But of course, not all of them. Still, for the purposes of my book, I fashioned the Reeves boys after the most hyper little boys I could imagine.

Myra Johnson said...

Wow, Mary, I see you're as popular as ever . . . or maybe it's the topic! I raised two girls and then had to wait through FOUR grandsons before we got our granddaughter. Differences? YOU BET! Number one is their preference for camo, hunting, and anything with wheels.

But I think it was an episode with grandson #3 that epitomizes the difference for me.

Scenario: Grammers points out to 2-year-old precious little grandson, "Oh, look at the cute ladybug crawling on the sidewalk!"

Response: Grandson immediately stomps on said ladybug until it is nothing but a blurry blob.

The difference: my granddaughter would have oohed and aahed and sang sweet songs to the ladybug while it crawled up and down her finger.

Mary Connealy said...

Myra LOL that is PERFECT.

I'm not saying my girls were little angels you know, unless you consider that in the Bible, angels spent a good part of their time telling people to RUN or scaring them to death.

Hey, maybe they ARE angels?

Mary Connealy said...

The real problem, Julie, with deciding about the differences is how can we ever really know the fundmental differences in the way we TREAT our babies.
I mean maybe we're nurturing them difference from their first breath.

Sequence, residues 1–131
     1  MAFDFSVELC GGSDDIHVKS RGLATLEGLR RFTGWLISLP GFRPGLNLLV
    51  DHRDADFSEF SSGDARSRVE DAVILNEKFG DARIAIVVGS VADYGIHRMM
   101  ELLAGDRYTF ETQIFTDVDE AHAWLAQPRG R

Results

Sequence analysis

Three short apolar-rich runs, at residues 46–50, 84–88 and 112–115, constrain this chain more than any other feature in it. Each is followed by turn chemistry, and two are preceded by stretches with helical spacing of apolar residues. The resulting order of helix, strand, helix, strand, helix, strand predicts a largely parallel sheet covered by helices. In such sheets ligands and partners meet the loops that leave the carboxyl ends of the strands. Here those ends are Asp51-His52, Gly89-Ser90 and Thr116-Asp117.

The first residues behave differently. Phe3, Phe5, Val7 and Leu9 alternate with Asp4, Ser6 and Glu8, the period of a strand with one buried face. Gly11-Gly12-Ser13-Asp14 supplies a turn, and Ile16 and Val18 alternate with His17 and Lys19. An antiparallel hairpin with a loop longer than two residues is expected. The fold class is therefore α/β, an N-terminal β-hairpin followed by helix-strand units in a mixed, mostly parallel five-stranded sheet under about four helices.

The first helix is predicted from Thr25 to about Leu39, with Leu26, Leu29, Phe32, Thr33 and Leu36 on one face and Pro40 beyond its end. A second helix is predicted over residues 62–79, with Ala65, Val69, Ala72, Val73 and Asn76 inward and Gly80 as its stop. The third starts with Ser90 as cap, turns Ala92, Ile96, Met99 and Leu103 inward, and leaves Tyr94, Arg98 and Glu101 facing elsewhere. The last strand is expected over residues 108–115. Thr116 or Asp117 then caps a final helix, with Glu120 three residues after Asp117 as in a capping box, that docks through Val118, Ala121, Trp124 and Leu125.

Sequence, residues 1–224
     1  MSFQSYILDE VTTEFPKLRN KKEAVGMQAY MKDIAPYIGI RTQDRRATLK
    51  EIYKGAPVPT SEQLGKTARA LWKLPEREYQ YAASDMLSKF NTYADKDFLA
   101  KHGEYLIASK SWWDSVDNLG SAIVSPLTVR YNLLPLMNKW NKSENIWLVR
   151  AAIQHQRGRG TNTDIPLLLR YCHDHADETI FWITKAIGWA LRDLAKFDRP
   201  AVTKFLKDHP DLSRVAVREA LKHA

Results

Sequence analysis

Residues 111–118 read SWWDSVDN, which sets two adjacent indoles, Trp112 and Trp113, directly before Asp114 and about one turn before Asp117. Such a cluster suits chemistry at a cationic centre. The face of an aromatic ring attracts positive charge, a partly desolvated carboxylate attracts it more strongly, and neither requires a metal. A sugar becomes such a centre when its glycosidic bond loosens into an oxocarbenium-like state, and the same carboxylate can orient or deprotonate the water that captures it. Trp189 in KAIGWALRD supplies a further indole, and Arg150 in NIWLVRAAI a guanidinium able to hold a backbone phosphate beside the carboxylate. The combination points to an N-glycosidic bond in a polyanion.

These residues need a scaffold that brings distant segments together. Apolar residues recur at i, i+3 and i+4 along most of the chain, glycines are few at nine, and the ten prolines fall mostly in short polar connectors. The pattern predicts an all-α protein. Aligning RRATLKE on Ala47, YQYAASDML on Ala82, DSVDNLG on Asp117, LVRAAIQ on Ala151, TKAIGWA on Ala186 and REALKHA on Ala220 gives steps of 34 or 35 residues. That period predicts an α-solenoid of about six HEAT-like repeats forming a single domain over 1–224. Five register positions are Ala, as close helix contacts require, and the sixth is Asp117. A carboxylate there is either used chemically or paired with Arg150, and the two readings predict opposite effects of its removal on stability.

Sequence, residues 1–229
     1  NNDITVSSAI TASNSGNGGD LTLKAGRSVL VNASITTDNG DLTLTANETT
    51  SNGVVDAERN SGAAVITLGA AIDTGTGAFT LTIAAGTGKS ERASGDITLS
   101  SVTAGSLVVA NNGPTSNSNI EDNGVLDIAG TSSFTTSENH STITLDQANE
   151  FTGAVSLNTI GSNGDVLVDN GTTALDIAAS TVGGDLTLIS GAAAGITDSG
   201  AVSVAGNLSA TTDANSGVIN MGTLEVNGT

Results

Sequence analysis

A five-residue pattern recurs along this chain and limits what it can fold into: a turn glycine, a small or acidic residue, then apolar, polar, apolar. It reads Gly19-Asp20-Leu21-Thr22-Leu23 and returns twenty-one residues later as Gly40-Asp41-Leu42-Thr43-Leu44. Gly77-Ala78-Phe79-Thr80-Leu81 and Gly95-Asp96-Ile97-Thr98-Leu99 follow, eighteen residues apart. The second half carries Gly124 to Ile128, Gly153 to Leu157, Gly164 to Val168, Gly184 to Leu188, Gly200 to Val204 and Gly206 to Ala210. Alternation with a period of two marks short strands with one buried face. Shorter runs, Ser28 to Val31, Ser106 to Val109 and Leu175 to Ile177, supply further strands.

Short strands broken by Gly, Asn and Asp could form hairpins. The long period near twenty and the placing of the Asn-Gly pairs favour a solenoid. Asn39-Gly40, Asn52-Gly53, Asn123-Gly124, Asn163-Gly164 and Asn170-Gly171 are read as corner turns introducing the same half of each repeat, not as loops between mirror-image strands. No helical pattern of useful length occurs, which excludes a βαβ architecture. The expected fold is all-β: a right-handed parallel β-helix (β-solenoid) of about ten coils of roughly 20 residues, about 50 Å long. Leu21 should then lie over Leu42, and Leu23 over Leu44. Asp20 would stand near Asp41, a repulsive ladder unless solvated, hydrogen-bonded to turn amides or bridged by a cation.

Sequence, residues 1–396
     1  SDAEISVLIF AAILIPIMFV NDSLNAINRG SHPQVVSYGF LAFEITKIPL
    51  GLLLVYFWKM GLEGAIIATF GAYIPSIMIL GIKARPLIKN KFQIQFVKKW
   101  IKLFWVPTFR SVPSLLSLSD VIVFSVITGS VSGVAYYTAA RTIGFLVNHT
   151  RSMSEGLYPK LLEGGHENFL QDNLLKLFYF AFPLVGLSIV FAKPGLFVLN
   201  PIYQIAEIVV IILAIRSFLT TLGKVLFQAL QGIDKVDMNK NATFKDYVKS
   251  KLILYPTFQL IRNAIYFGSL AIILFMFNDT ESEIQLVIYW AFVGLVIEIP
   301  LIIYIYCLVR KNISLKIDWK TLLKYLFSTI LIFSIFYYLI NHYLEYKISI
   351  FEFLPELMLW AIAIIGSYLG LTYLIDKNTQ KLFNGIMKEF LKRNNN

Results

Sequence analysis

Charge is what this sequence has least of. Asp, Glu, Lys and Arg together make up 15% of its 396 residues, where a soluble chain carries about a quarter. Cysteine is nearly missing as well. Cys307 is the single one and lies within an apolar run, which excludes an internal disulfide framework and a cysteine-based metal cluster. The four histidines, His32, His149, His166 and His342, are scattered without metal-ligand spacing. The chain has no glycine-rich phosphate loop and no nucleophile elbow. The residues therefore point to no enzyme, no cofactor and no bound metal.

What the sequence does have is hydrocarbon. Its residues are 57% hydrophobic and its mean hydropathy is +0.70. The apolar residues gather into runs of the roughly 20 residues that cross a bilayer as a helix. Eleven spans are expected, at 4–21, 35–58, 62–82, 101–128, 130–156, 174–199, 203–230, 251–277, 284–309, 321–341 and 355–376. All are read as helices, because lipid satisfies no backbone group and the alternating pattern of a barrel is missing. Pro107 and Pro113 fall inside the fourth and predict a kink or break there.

I do think for all the time we spend trying to 'mold' our children into whatever we think they should be, the truth is, when it comes to how they grow up... they're really just watching you.
Then they imitate that.

How scary, huh?

Patricia W. said...

I have all boys too. Three sons. But lots of nieces.

The differences, to me, aren't so much in their interests. They have more to do with their emotions and how they handle them. Part of it is learned but I'm sure part of it is genetic. Because it's impossible for a kid to come out of the womb making faces like his father. What's that about? LOL!

I've got one kid is who is Mr. Athlete; another is who is Mr. Scientist; and another whose interests, apart from his brothers' interests, are as yet undetermined. I've got very clean and very messy. I've got into bugs and runs away from them. I've got eats everything and very picky. I've got daredevil and afraid of heights. I guess kids are just kids.

Susan Stitch said...

Oh,my, YES, boys are VERY different than girls. We had three girls, then when the youngest was eight we adopted twin boys (15 months old at the time). My youngest daughter is a tomboy, but she never came up with the things these boys do. Give them 5 minutes and ANY topic turns to bodily functions and rude noises! And my sweet little girls never called anyone 'poopie head' -- the favorite retort of the boys when they were only two! We have daily wrestling bouts that almost always end up in minor injuries (he did it on PURPOSE) despite numerous warnings and separations. Their little brains work so differently than the girls! Once they get an idea in their mind, no amount of discussion or punishment will disuade them from following through. I loved the portrayal of the boys in Calico Canyon -- Mary, you got it right!